Monday, 5 September 2016

Movement of Music

Daily Draw: Ship of Fools Tarot, Ten of Cups

Prior to the development of systems of notation, music travelled slowly in the middle ages. Songs and instrumentals had to be learned 'by ear', from one person who knew a song to another person. This limited the geographical spread of music and explains why the role of troubadour was synonymous with traveller. 

Troubadours were often clergy educated inventors of poetry and song. While the troubadours enjoyed a certain status their assistants, the illiterate and itinerant jongleurs were deemed to be untrustworthy vagabonds. Their repertoire included various acts including, acrobatics, conjuring, dancing and juggling. 

The clergy were eventually to associate the jongleurs with such dubious 'professions' as prostitution. Henceforth they were subject to certain theologically instituted legal restrictions including refusal of the eucharist on account of putting their bodies to unlawful use.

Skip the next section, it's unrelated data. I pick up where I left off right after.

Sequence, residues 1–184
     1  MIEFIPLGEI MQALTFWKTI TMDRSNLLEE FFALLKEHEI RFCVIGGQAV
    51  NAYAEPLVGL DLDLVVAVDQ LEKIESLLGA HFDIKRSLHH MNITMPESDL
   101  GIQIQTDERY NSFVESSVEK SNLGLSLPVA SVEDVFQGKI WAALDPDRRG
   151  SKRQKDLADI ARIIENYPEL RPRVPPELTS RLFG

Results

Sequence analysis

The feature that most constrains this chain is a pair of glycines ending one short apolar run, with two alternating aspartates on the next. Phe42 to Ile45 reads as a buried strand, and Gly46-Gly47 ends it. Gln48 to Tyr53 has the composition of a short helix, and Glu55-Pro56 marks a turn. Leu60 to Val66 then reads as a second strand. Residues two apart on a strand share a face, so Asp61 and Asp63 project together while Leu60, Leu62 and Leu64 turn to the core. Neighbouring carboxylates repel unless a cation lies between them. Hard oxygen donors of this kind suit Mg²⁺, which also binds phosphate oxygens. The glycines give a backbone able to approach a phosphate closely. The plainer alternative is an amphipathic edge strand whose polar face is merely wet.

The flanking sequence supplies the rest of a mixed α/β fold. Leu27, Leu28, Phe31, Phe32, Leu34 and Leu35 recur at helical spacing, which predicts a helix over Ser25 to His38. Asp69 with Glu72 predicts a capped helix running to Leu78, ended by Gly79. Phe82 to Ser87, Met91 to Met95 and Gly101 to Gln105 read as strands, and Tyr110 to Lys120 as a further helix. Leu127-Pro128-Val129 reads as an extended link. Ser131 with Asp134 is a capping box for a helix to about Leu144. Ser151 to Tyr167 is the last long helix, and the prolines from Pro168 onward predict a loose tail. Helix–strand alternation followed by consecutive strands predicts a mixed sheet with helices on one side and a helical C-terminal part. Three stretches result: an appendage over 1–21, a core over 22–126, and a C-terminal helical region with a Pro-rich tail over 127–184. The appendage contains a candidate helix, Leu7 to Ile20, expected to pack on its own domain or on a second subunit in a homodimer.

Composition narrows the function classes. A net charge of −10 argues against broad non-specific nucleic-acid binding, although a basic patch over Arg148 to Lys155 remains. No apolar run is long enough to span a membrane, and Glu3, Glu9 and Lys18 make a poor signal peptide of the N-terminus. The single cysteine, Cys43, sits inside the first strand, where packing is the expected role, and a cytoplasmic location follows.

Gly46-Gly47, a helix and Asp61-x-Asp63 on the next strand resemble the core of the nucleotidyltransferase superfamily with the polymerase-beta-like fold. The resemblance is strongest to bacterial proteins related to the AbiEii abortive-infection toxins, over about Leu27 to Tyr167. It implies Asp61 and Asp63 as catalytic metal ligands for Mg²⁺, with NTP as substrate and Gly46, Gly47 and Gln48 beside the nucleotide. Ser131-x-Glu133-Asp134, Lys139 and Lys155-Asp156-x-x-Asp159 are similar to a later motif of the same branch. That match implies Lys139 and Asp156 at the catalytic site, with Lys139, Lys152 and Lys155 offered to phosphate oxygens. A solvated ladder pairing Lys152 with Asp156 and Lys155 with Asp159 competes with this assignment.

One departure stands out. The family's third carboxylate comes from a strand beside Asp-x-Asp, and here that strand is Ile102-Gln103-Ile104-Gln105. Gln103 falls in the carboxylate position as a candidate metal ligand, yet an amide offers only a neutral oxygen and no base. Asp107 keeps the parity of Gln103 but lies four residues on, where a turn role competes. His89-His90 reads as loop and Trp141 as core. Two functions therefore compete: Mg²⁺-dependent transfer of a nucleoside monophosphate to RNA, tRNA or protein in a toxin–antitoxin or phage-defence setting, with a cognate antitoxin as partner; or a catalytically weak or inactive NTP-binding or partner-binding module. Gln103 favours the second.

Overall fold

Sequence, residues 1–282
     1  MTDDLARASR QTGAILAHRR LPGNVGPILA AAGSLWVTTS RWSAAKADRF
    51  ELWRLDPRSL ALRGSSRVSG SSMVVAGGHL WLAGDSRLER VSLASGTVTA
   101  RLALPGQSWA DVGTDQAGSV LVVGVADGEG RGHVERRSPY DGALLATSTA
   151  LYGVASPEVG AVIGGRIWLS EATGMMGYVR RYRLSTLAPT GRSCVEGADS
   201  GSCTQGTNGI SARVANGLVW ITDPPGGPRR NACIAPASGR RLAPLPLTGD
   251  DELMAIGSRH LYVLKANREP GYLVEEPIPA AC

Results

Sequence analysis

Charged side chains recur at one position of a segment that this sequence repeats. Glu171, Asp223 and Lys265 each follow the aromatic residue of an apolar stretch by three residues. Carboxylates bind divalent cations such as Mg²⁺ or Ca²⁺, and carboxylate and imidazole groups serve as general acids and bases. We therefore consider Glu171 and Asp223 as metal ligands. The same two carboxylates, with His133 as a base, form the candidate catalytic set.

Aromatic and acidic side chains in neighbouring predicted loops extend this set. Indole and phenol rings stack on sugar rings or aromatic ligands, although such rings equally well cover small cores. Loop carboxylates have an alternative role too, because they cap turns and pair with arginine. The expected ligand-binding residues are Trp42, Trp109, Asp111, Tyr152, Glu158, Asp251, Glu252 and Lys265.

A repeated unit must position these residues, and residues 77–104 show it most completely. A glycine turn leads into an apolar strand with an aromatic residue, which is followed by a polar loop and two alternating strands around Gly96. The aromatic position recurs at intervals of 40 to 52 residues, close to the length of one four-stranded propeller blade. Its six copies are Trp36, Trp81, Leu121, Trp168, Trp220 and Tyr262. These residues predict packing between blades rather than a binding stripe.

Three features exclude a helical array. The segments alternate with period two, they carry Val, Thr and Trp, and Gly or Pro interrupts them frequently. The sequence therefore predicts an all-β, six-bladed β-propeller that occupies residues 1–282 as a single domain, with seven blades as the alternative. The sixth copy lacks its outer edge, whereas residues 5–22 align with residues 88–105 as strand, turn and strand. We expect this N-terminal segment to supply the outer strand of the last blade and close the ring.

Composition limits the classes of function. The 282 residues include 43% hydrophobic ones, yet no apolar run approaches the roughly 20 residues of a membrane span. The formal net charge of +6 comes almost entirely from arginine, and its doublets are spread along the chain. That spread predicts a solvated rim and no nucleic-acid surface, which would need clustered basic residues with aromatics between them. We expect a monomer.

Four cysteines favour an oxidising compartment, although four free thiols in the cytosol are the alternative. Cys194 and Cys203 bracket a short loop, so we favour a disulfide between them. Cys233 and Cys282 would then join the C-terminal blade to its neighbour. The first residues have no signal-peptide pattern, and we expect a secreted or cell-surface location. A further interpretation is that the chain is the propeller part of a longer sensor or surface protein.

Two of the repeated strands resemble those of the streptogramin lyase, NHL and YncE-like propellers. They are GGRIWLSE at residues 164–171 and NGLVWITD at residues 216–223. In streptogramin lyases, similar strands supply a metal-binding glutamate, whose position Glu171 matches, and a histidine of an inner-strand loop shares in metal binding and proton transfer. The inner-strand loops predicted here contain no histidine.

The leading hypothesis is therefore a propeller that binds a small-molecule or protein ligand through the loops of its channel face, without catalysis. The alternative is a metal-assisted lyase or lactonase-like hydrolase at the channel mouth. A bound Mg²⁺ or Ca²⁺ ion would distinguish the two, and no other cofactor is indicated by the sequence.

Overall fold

Later in the medieval period the foundations of notational and theoretical practices were laid enabling composers and musicians to set out their songs on paper. This made it possible for songs to reach a wider audience. Music could now travel on paper rather than in person. 


  1. Your post reminds me of how the Church kept the members in line using their illiteracy; they had to depend on the priest to teach them "the Word."

  2. Which makes me think who were the real conjurer? In a Latin mass the priest could be saying all kinds of things and no one would be the wiser. The solemnity of the sacrament and fear of sounding stupid would be enough to stop people asking questions.

    1. Exactly! The printing press made learning to read (music or books) accessible and easier. Boy did that mess up the game plan. :)

  3. When you think of music traveling on paper, it sounds almost like magic.

  4. It does. Your comment prompted me to look up old music scores -quite beautiful.